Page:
Ayrshire: About 1 mile south-east of Galston, on minor road east of B7037, in a ravine of Burn Anne, 0.75 miles south of River Irvine, at Cessnock Castle.
Private NS 511355 OS: 70 KA4 8LJ
Standing above a ravine, Cessnock Castle is a massive 15th-century rectangular tower of three storeys and an attic. the upperwaorks of which were altered in the 16th or 17th century. The walls are as much as 18 foot thick. To this has been added a large mansion from the 16th century, making the building U-plan. A semi-octagonal tower of three storeys crowned by a balustrade stands in one corner of the courtyard and houses the main entrance. The old tower has a corbiestepped gabled roof.
The parapet has been removed, although the open rounds survive (the small bell tower on the gable, shown in the photograph, has been removed). Part of the building has been harled and whitewashed.
The basement is vaulted, the hall would have been on the first floor, with private chambers on the floors above. The great hall, in the newer part, still has a late 16th-century painted ceiling
and beams, and some rooms have 17th-century panelling.
‘Sesnock’ is marked on Blaeu’s map of Kyle and is shown as a tower.
Cessnock was a property of the Campbells, and George Campbell of Cessnock is on record in 1479. Mary, Queen of Scots, came to Cessnock after her defeat at Langside, when one of her ladies died here, and is said to haunt the castle. The reformers George Wishart and John Knox also visited.
Hugh Campbell of Cessnock, son of George Campbell, married Elizabeth Campbell, co-heiress to the Campbells of Loudoun. He was appointed Lord Justice Clerk and a Lord of Session in 1649 but declined to take up either post. He was a member of parliament and was knighted in 1649. The family were forfeited for supporting the Covenanters and imprisoned in 1685 and he died the following year. His son Geroge, who had also been imprisoned, recovered the estate, and was made Lord Justice Clerk and a Lord of Session. He was also knighted.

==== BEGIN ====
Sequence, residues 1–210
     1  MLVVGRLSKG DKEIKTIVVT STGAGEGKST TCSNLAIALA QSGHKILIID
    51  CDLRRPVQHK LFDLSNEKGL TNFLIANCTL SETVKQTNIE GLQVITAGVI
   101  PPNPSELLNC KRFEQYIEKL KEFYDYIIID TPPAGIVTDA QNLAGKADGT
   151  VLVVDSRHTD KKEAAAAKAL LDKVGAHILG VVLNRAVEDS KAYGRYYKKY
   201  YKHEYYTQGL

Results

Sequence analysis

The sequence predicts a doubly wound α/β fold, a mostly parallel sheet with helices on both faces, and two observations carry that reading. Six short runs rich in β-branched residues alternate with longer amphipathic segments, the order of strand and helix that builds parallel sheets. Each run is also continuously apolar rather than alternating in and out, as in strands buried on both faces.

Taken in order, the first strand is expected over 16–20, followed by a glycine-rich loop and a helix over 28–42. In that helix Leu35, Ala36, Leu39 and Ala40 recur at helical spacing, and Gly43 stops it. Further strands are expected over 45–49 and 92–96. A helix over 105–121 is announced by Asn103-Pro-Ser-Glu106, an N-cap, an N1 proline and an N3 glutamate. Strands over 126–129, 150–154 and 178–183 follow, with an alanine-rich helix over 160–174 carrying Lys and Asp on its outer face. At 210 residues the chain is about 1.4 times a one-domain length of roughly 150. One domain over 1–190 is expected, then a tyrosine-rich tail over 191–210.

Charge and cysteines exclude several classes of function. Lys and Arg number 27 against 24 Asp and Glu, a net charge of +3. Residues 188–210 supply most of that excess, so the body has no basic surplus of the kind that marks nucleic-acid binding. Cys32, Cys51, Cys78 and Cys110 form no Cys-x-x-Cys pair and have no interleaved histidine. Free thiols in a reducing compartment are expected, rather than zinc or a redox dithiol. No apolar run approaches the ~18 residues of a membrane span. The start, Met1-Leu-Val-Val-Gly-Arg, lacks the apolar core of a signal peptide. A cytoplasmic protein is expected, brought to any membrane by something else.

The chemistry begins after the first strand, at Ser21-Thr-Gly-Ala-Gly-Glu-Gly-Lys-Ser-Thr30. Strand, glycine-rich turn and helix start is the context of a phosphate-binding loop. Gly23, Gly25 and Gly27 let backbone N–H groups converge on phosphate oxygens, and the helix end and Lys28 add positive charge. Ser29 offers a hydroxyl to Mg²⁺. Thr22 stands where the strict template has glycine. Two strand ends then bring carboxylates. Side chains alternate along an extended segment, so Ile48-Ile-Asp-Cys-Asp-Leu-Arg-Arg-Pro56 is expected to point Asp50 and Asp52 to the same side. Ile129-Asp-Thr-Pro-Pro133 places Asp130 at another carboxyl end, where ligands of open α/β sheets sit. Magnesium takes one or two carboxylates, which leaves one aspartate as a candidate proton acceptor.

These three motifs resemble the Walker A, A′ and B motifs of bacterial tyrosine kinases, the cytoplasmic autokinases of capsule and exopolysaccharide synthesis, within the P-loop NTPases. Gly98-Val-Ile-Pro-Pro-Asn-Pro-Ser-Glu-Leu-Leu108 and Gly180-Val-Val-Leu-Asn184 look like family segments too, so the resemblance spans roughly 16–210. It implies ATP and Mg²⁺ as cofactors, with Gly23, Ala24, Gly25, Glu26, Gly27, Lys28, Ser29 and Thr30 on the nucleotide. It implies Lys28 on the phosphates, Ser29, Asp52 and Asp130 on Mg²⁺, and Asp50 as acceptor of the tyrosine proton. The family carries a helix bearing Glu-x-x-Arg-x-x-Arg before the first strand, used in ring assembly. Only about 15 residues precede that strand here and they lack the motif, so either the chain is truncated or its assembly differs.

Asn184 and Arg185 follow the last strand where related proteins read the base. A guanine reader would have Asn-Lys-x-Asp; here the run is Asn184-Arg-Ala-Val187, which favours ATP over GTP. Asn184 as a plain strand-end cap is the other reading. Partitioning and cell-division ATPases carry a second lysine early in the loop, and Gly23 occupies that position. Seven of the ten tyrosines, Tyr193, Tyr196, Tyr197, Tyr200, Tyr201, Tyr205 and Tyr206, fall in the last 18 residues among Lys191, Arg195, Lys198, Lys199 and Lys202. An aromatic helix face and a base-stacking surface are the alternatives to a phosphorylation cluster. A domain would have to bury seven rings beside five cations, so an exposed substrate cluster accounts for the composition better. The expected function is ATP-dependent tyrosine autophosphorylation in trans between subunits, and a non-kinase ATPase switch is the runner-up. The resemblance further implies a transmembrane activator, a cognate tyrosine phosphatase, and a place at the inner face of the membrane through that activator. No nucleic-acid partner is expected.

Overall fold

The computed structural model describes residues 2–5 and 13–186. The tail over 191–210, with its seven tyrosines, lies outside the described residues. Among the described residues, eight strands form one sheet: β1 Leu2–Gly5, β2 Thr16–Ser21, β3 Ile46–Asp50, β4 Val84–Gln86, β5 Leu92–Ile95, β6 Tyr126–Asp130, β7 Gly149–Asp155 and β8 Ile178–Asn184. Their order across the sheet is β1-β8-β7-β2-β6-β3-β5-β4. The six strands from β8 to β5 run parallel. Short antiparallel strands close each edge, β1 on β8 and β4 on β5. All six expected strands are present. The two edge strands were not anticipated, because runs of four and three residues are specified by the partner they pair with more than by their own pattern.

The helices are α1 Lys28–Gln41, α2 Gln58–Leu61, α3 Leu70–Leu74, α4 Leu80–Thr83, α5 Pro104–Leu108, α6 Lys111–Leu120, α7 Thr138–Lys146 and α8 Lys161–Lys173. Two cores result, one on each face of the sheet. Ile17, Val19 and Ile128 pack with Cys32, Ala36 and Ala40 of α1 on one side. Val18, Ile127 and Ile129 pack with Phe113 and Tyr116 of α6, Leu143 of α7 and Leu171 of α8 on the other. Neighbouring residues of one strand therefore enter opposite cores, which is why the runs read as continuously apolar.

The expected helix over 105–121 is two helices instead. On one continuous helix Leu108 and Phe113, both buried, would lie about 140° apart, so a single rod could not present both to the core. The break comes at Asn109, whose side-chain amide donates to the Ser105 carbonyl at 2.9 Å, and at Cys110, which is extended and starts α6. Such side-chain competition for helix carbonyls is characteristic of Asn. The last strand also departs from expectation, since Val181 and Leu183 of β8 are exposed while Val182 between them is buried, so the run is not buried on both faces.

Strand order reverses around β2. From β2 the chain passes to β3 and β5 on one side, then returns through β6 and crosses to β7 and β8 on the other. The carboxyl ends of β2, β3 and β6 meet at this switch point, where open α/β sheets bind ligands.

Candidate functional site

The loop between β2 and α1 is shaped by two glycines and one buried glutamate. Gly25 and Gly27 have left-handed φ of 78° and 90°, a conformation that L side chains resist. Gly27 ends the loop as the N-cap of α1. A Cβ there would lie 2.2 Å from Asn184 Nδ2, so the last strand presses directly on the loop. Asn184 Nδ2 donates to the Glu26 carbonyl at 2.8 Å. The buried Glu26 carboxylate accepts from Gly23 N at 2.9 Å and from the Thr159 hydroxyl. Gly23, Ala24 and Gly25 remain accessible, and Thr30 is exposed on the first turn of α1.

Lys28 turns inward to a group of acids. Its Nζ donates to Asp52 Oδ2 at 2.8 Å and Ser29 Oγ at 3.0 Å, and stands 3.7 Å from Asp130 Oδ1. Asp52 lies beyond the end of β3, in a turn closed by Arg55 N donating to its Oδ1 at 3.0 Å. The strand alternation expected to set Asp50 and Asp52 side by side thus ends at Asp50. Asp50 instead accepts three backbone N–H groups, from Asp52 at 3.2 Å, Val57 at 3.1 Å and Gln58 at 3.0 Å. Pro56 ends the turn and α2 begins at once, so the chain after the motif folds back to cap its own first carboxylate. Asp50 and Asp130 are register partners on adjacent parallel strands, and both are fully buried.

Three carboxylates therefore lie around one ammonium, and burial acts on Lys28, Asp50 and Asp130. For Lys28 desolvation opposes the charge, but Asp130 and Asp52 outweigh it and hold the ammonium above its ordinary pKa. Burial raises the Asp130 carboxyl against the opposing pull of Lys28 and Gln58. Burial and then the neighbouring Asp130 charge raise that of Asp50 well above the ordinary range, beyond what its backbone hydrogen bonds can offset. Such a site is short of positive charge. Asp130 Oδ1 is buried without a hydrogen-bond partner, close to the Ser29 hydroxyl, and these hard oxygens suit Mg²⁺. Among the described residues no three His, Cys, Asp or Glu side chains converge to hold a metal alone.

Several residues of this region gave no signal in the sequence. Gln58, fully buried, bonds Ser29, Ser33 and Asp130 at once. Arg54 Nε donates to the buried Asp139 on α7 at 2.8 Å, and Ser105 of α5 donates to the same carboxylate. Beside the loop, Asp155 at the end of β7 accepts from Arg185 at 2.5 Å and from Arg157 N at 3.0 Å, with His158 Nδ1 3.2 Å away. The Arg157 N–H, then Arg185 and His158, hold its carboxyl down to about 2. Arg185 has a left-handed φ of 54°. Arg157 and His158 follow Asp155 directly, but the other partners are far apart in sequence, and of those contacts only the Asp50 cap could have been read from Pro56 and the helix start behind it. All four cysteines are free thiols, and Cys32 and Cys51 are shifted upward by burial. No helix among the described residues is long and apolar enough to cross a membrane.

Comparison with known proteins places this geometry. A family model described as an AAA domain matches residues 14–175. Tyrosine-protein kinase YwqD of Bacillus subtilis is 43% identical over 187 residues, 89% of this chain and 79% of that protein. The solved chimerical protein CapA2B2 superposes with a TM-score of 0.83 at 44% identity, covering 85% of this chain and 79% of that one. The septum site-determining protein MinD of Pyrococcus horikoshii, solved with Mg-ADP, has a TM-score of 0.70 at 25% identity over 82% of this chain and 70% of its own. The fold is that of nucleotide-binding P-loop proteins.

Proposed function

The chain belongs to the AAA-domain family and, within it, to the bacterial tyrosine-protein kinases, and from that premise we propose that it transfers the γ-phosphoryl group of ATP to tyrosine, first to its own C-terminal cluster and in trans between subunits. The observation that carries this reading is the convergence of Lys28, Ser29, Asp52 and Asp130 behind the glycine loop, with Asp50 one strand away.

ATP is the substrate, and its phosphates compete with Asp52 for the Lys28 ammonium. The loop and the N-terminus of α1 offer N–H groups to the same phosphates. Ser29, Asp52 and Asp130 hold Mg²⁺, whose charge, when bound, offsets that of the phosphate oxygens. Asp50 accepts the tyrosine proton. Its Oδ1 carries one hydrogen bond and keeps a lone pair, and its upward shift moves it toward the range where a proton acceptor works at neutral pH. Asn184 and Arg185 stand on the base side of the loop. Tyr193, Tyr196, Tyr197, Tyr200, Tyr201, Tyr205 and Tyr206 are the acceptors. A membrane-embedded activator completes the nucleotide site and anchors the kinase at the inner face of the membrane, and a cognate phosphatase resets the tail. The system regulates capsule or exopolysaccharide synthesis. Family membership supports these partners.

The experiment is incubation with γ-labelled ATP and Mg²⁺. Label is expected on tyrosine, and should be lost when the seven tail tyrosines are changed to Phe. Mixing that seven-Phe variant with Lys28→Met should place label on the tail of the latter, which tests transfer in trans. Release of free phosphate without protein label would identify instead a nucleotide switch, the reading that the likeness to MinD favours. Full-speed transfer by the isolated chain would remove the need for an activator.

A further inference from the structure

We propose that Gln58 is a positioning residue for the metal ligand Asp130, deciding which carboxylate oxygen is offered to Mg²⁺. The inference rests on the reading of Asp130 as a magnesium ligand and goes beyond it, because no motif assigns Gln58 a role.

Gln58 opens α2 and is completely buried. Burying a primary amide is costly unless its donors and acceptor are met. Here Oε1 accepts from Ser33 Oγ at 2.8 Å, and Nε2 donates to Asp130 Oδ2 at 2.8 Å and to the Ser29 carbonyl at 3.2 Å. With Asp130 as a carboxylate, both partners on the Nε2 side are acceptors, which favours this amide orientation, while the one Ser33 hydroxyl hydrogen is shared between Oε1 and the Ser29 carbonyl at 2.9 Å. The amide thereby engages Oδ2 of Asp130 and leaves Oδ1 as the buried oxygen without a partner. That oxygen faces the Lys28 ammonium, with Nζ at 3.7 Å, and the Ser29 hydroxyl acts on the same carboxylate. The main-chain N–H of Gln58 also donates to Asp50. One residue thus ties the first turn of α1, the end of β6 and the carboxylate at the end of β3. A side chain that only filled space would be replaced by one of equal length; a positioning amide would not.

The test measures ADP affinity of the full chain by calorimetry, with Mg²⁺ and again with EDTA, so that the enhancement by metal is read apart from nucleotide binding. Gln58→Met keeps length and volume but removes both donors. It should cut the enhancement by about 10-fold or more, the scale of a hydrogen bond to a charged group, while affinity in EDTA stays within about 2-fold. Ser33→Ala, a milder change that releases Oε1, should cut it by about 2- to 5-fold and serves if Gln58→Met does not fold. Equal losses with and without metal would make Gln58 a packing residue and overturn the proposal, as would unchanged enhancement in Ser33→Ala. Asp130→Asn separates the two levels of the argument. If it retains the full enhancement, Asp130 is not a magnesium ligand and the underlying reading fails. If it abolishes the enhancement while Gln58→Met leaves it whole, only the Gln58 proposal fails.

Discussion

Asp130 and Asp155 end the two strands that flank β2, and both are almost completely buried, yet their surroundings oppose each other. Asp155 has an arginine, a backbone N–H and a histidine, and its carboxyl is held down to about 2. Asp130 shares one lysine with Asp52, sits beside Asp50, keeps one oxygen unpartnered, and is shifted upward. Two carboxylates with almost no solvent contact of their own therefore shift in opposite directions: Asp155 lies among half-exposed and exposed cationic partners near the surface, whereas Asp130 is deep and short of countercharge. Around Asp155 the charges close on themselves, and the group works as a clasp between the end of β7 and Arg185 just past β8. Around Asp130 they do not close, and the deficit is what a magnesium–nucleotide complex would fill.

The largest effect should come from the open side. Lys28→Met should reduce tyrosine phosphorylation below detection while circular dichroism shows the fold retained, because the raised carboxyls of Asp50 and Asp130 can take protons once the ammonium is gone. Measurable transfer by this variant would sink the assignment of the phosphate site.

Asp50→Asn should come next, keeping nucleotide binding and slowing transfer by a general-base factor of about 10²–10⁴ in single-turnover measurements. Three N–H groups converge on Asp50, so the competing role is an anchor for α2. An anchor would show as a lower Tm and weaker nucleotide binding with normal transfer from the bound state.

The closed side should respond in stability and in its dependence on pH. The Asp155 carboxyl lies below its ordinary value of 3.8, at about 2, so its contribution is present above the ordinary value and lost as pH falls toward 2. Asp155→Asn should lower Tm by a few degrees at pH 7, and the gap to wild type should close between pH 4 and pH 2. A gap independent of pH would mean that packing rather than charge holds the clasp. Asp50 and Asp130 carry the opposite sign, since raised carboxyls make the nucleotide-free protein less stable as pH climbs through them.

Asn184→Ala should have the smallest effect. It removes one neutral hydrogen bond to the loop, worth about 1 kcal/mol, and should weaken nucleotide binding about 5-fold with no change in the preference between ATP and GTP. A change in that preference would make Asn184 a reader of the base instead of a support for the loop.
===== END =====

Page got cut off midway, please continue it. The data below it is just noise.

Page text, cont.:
Margaret, his daughter and heriess, married Sir Alexander Home (or Hume), son of the Earl of Marchmont, and another distinguished lawyer. Sir Alexander added the name Campbell to his own, and was made raised to the Bench as Lord Cessnock in 1704. He supported the government in the 1715 Jacobite Rising, although the property was sold around 1720, and he eventually became 2nd Earl of Marchmont in 1740 (their seat was Marchmont House, near Greenlaw in the Borders, and the family also owned Mertoun House until 1912). A ratification of 1702 in favour of Dame Margaret Campbell mentions the tower. The title became extenict in 1794 when the line ended in daughters.
The property then passed through the families of Dick in the 1720s, the Wallaces of Cairnhall, and the Scotts of Balcomie in 1786, then by marriage to the Dukes of Portland in 1795, then to the De Fresnes in 1946, who held it until the 1995. Robert Burns visited the castle, and the building was restored in 1890 and again in recent years. In 1995 the castle with 20 acres of grounds was on sale for £95,000, according to The Independent.
The spirit of John Knox is also said to haunt the castle, being heard quoting scripture, although how that sits with the ghost of Mary Queen of Scots’s lady, mentioned above, is hard to
The castle is said to be linked to Loudoun Castle by an underground passage.
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